Epitope responses were ranked on the basis of magnitude to assess their relative dominance. The top 80 epitopes accounted for 75% of the total response and the top 175 epitopes accounted for 90% of the total response (Figure 1A). Only occasional weak responses were detected in 28 TB uninfected/non-Bacille Calmette-Guérin (BCG) vaccinated control donors, thus demonstrating that these responses were LTBI-specific (Figure 1A). The epitopes were mapped to individual MTB antigens using the H37Rv as a reference genome. A total of 82 antigens were recognized by more than 10% of LTBI donors (Figure 1B). These 82 antigens accounted for approximately 80% of the total response in LTBI donors (Figure 1C). Responses to the epitopes from the most frequently recognized antigens were further characterized utilizing PBMCs depleted of either CD4 or CD8 T cells. The majority (97%) of these epitopes were recognized exclusively by CD4 T cells (Table S3), as expected because of their identification on the basis of predicted HLA class II binding capacity.

thumbnail

Figure 1. Breadth and dominance at the epitope and antigen level.

(A) Epitopes ranked on the basis of magnitude of response. LTBI (black line - % of total response, grey line – total SFC) and TB uninfected (grey dashed line – total SFC) donors. Black dashed lines indicate the top 80 and 175 epitopes. (B) Antigens ranked on the basis of the response frequency for LTBI donors. Black dashed line indicates antigens recognized by >10% of LTBI donors. (C) Antigens ranked on the basis of magnitude of response and response frequency (black line - % of total response, grey line – total SFC). Black dashed line indicates the top 82 antigens.

doi:10.1371/journal.ppat.1003130.g001

Novel MTB Antigens and Sources of CD4 T Cell Epitopes Recognized by LTBI Donors

Comparing these 82 most prevalently recognized antigens with antigens for which similar ex vivo epitope reactivity has been described (IEDB), we found that the majority (61/82 antigens, 74%) was novel. While a given antigen might not have been analyzed in sufficient detail to lead to the description of defined epitopes, it might nevertheless have been described as a target of T cell responses. Therefore we performed a literature search for each individual antigen to further categorized them as novel, or as targets of CD4 T cells, CD8 T cells or undefined T cell type. This revealed that 41% of the antigens we identified had not previously been described as T cell targets (Figure S2A and Table 1). The responses to novel antigens, in terms of both response frequency and magnitude, are comparable to those directed against previously known T cell targets (Table S4).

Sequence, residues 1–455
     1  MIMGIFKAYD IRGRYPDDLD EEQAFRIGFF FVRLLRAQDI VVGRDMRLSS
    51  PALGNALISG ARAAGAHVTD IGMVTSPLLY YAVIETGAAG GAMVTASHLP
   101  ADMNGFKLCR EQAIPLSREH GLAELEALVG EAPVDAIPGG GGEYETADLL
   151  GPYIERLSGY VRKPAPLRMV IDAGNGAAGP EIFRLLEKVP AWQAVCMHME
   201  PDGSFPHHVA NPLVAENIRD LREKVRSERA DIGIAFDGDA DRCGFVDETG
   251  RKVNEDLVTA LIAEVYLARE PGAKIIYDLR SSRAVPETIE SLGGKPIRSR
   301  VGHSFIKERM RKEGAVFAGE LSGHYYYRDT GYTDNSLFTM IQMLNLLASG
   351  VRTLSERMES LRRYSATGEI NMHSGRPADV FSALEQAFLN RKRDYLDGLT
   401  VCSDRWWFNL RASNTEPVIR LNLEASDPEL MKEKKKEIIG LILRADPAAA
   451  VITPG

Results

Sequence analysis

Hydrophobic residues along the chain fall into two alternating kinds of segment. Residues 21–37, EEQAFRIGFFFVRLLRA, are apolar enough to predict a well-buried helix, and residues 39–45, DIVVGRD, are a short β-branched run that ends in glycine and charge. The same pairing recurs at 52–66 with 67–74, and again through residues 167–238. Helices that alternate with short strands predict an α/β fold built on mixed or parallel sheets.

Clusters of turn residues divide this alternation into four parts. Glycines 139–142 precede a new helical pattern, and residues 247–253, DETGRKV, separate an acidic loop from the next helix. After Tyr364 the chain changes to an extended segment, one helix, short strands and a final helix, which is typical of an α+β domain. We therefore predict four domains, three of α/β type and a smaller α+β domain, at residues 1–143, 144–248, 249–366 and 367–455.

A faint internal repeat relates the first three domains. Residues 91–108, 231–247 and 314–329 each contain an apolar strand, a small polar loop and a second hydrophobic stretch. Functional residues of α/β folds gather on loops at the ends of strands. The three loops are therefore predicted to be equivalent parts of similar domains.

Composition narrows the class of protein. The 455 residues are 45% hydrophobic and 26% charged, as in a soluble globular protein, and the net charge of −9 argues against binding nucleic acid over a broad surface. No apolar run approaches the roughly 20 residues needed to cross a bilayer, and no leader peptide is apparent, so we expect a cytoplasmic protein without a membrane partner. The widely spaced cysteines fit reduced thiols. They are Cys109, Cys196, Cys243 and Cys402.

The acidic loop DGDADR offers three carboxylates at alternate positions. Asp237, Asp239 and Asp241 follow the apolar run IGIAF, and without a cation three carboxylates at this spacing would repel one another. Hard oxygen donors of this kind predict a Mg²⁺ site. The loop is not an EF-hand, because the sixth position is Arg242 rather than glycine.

thumbnail

Table 1. Summary of characteristics of novel CD4 T cell antigens recognized by more than 10% of LTBI donors, ranked according to response frequency.

doi:10.1371/journal.ppat.1003130.t001

Further analysis of the IEDB data revealed a limited overlap, (18%; 28/158) between antigens identified in this study and antigens known as sources of HLA class I epitopes (Figure S2B). Finally, no significant correlation was found with the antigens recognized by serological responses from the MTB proteome [28] (Figure S2C).

HLA Class II Reactivity Is Highly Focalized on MTB Antigenic Islands

Next, using the TubercuList database [16], we determined the protein category to which the identified antigens belong (Figure 2). As expected, the identified antigens were associated with almost every category, with the exception of regulatory proteins and proteins of unknown function. The significant overrepresentation of PE/PPE proteins was notable, as well as the underrepresentation of proteins in the conserved hypotheticals, cellular metabolism and respiration categories.

thumbnail

Figure 2. Protein categories of identified antigens.

The identified antigens (black bars) were divided into protein categories (TubercuList) and compared to the MTB genome (grey bars). Chi-square test, ***, p<0.001, ****, p<0.0001.

doi:10.1371/journal.ppat.1003130.g002

The localization of antigens recognized was next visualized by plotting the recognition data on a linear map of the MTB genome. Analysis of either percent of donors responding or percent of total response revealed striking clusters of reactivity within certain regions of the genome (Figure 3A). When the MTB genome was parsed into 5-gene windows, significant antigenic clusters (defined by minimum 4 proteins within the 5-gene window being recognized by 7.1% of LTBI donors) could be identified using binomial distribution probability and Bonferroni correction. Three significant antigenic islands (Figure 3B), encoding 0.55% of the total ORFs, accounted for 42% of the total response (Table 2). One of the islands (Island 3) contains the well-known Rv3875 and Rv3874 antigens, which is an Esx protein pair secreted via a T7SS. Strikingly, the other two islands also contain Esx protein pairs. Moreover, two of the antigenic islands are part of the known T7SS systems Esx-1 (Island 3) and Esx-3 (Island 1). It is noteworthy that the proteins recognized included not only the proteins believed to be secreted, but also the proteins forming the actual secretion apparatus (Island 1). Indeed, the antigens identified within these islands correspond to proteins from several different protein categories, mostly assigned to the cell wall and cellular processes and the PE/PPE category, which is not surprising since several of these proteins are part of the T7SS. Additionally, Rv3615c [29], which is functionally linked to Esx-1 [30], was also prevalently recognized. However, it stands as a single antigen and not as part of an antigenic island.